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Caisteal Bheagram,castle,Drimsdale

A Scheduled Monument in Barraigh, Bhatarsaigh, Eirisgeigh agus Uibhist a Deas, Na h-Eileanan Siar

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Coordinates

Latitude: 57.3092 / 57°18'32"N

Longitude: -7.3807 / 7°22'50"W

OS Eastings: 76135

OS Northings: 837103

OS Grid: NF761371

Mapcode National: GBR 895D.N4J

Mapcode Global: WGV3J.LKL2

Entry Name: Caisteal Bheagram,castle,Drimsdale

Scheduled Date: 19 March 1992

Source: Historic Environment Scotland

Source ID: SM5358

Schedule Class: Cultural

Category: Secular: castle

Location: South Uist

County: Na h-Eileanan Siar

Electoral Ward: Barraigh, Bhatarsaigh, Eirisgeigh agus Uibhist a Deas

Traditional County: Inverness-shire

Description

The monument consists of the remains of a small castle, known to have been inhabited in the early 16th century, the foundations of ancillary buildings and the causeway which links these to the shore of Loch an Eilean.

The castle survives to a height of 3.8m. It is a simple tower of harled random rubble, oblong in plan, with walls 1.2 to 1.5m thick around an interior 4.0m by 3.4m. The entrance has been in the E wall. A scarcement, to carry an upper floor, survives 2.6m from the interior ground level. In the N wall are two small gun-ports. The island on which the castle stands has been encircled by a bank, probably once a drystone wall, enclosing an area 70m E-W by 50m N-S. Within this, in addition to the tower, are foundations of seven buildings and a small yard. Five of these buildings appear to have been of drystone construction and have very thick walls, while the two exceptions are much more slightly constructed and their foundations are grass-covered. A broad causeway, frequently submerged, links the island to the loch shore. There are historical references to this castle, which belongs to Clanranald, being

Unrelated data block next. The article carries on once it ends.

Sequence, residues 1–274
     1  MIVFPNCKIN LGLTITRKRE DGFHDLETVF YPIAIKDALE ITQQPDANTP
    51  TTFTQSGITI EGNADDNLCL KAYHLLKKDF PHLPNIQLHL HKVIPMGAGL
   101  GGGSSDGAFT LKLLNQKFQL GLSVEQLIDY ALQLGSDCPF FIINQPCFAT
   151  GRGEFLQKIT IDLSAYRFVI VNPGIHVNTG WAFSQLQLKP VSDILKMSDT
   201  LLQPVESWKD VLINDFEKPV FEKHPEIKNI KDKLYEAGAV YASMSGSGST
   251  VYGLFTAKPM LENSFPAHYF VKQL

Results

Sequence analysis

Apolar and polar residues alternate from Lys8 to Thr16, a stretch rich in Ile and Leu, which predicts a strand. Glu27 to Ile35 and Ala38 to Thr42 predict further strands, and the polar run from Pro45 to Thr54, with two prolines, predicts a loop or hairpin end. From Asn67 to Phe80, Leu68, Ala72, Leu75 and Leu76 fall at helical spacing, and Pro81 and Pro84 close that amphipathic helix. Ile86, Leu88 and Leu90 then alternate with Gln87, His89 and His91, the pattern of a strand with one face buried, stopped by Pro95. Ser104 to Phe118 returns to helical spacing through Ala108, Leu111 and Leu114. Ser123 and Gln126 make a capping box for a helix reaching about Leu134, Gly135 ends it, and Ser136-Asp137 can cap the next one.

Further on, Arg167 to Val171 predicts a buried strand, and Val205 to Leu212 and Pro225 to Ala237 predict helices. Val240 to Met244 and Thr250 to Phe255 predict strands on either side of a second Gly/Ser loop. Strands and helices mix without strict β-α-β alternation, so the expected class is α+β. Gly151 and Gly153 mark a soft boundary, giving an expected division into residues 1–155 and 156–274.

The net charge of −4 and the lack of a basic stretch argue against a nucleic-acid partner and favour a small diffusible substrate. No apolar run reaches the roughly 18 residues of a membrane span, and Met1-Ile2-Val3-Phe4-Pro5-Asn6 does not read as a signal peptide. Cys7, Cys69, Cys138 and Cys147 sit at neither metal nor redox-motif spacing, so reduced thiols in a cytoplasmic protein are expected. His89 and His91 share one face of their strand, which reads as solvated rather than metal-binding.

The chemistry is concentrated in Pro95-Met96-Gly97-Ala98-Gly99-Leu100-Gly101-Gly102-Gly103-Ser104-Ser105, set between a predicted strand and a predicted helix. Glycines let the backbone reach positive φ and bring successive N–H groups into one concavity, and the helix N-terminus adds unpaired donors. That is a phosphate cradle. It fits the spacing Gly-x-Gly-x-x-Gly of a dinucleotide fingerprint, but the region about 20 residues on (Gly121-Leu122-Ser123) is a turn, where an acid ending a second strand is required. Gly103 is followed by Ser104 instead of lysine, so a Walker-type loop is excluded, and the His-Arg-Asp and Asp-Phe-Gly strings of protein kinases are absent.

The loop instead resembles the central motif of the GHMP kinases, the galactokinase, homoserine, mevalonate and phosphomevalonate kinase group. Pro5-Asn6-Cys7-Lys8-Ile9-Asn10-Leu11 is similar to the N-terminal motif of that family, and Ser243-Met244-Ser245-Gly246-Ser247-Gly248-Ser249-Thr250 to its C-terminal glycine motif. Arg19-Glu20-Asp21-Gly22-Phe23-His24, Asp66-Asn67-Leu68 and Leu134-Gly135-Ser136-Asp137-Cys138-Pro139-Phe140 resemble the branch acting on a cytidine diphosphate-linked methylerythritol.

occupied in 1505 and 1508.

The area to be scheduled consists of the whole area of the small island together with the causeway linking it to the shore. The width of the area to be scheduled at the latter is 20m, centred on the mid- line of the causeway. The area to be scheduled is marked in red on the accompanying map.

Source: Historic Environment Scotland

Statement of Scheduling

The monument is of national importance as a fine example of a small Medieval defence, typifying the second tier of such fortifications in the Western Isles. Its importance is enhanced by the presence of historic records of the castle's use and by the strong probability that, because of subsequent lack of disturbance, considerable archaeological deposits may survive.

Source: Historic Environment Scotland

Sources

Bibliography

RCAHMS records the monument as NF 73 NE 4.

Source: Historic Environment Scotland

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